Less clarity—and more risk—as policy making gets more fragmented
Companies are operating in a world of policy fragmentation, which is increasing costs for business and creating new risks. Nowhere is this fragmentation more apparent than in the rush among cities, states, countries and regions to frame new privacy laws for our digital age. After the European Union enacted the General Data Protection Regulation (GDPR), California moved quickly to fill a legal void in the US and passed the California Consumer Privacy Act (CCPA). The CCPA has heightened concern about further fragmentation with more US states passing their privacy laws which, in turn, is helping to build momentum for a single, uniform federal privacy law. In this type of environment, companies can either take a tailored approach to privacy for each regime (which is costly), try to find a baseline that covers the most stringent requirements or somewhere in between. Each approach has its benefits and drawbacks. Finding the right balance and understanding the direction of policy makers in regimes without a defined framework is critical.
Public sentiment exerts more influence on policy making
A new and formidable player is entering the policy making competition: the individual en masse. Social media has become a digital megaphone, capable of amplifying the voices of citizens and groups and making them viral. Social media platforms can influence, even manipulate, public opinion to the extent of possibly even changing election outcomes. It is telling that Brazil’s recently-elected President Jair Bolsonaro ran his campaign on WhatsApp, instead of courting traditional media coverage or appearing on televised debates. The public is speaking up on a range of issues, from diversity in the workforce to cybersecurity to climate change to immigration, and through their efforts are forcing change. Businesses, facing significant and immediate reputational risk, understand that the response to the digital megaphone must be fast and thoughtful at the same time. Many are now responding to public sentiment with more urgency than the typical policy making cycle allows. The recent responses of several companies to the #MeToo movement are a perfect example.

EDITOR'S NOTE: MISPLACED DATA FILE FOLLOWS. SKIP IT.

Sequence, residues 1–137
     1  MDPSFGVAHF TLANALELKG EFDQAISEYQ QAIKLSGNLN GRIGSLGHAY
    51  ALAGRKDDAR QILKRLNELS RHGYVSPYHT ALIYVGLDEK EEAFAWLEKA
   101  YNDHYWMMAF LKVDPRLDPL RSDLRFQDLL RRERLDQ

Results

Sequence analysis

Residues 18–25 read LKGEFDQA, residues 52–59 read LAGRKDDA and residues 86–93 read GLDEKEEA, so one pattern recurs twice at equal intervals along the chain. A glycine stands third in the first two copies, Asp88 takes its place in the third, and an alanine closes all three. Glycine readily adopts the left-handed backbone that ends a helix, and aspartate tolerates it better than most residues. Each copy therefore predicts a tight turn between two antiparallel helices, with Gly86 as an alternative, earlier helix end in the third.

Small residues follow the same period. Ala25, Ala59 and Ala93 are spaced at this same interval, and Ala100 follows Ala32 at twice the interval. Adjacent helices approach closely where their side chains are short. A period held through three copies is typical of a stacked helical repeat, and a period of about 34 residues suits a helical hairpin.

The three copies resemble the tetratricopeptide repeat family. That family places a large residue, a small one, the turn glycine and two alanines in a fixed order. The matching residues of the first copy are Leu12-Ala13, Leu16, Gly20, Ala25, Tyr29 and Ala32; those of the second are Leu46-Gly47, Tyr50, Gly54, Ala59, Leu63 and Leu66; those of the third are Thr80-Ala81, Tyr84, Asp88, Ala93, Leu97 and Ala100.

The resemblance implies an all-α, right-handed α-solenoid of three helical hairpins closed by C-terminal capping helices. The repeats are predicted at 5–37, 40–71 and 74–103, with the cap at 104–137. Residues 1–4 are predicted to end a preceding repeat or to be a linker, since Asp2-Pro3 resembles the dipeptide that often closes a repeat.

New strategies for addressing policy risk
As policy making changes, government affairs-related activities of companies will undergo a transformation, too. The focus can no longer be exclusively on large, national and multilateral policy-making bodies. Smaller policy-making bodies in states and localities now demand close attention. This requires a new approach to prioritizing and focusing limited government affairs resources and more focus on demonstrating results. Moreover, companies need to address how new influencers—the increasingly activist public and its digital megaphone—could have an impact on policy making at all levels and build that into their government relations strategy.
Companies still wield influence on how policies are developed and implemented, but it’s getting harder in the more dispersed policy-making landscape today. In addition to their efforts to educate policy makers and influence the direction of new policies, many companies are taking it upon themselves to lead by example on key policy issues. Whether they do it alone or in conjunction with other companies, industry associations or issue coalitions, companies are seeing positive results from the “do it yourself” approach to policy making and regulating.
The upside of policy competition
While politics and special interests will always have the ability to influence policy making, the dispersed policy-making model is providing a counterbalance to the centralized model. In the long run, increased policy competition could lead to a positive outcome: policies that better balance the demands of diverse stakeholders—be it citizens or big business—and that are implemented in a more efficient and effective manner.